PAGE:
(Reporting by Steve Gorman in Los Angeles; Additional reporting by Jim Christie in San Francisco, Rich McKay in Atlanta and Dan Whitcomb in Los Angeles; Editing by Paul Tait and Clarence Fernandez)

California power cutoff begin as wildfire risks rise

California power cutoff begin as wildfire risks rise
By Steve Gorman

(Reuters) – Hundreds of thousands of California homes and businesses started to lose electric power early Wednesday as part of an unprecedented effort by Pacific Gas and Electric Co. to prevent wildfires, the utility said.

Nearly 800,000 northern and central California homes and businesses can expect to lose electricity for up to several days, starting on Wednesday, PG&E said.

State investigators determined in May that PG&E transmission lines had caused last year’s Camp Fire. That fire killed 85 people, making it the deadliest in California’s history.

The company had already filed for bankruptcy protection by then, citing potential liabilities of more than $30 billion from the Camp Fire and the 2017 North Bay Fires.

Conditions before the fires were about the same then as they are now in the region. Gale-force winds are expected to last through midday Thursday, with gusts up to 70 miles per hour, PG&E said. Humidity is low, leaving the air extremely dry.

The California Department of Forestry and Fire Protection (Cal Fire) said “red-flag” warnings were posted across the entire state for what was shaping up to be the strongest wind so far this season.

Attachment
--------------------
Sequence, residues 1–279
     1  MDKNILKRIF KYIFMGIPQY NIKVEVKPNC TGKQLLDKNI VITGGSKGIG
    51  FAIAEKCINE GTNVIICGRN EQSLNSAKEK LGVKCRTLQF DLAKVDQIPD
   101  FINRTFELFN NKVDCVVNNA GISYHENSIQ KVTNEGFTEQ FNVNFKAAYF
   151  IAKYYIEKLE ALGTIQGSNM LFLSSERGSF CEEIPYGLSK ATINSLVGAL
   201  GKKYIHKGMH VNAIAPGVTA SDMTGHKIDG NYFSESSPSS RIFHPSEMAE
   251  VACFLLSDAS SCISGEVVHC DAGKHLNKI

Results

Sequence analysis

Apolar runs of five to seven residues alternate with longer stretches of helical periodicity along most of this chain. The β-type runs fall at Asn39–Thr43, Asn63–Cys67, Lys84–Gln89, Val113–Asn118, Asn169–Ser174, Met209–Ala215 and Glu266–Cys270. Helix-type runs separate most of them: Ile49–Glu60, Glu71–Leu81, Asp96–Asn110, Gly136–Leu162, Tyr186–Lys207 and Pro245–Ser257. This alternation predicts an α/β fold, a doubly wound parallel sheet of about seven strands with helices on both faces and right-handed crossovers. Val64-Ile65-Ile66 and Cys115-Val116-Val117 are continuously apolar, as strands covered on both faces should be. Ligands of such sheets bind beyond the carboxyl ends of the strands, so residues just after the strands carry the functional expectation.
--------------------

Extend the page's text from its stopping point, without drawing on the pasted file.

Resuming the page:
Consequently, PG&E said on Tuesday it was extending a previously announced “public safety power shutoff” to 34 counties, more than half of all the counties in California. It’s the largest such precautionary outage the utility has undertaken to date.

Once power is turned off, it cannot be restored until the winds subside, allowing the utility to inspect equipment for damage and make any repairs, PG&E said.

The first phase of the outages, affecting about 513,000 customers in northern California, began after midnight, PG&E said in an early morning release. Depending on the weather, additional outages will continue at noon, the company said.

“We’re telling customers to be prepared for an outage that could last several days,” PG&E spokeswoman Tamar Sarkissian told Reuters.

SOME OBJECT

Some consumer advocates have objected to the precautionary disruptions, saying they can harm people who need electricity for medical equipment.

But PG&E promised to open community centers in 30 locations across the planned outage zone to furnish restrooms, bottled water, battery charging and air-conditioned seating during daytime hours.

Sarkissian said PG&E had placed 45 helicopter crews and 700 extra ground personnel on standby for inspections and repairs once the wind dies down. Some equipment locations will require workers to hike into remote or mountainous areas, she said.

(Reporting by Steve Gorman in Los Angeles; additional reporting Jim Christie in San Francisco and Rich McKay in Atlanta; editing by Larry King)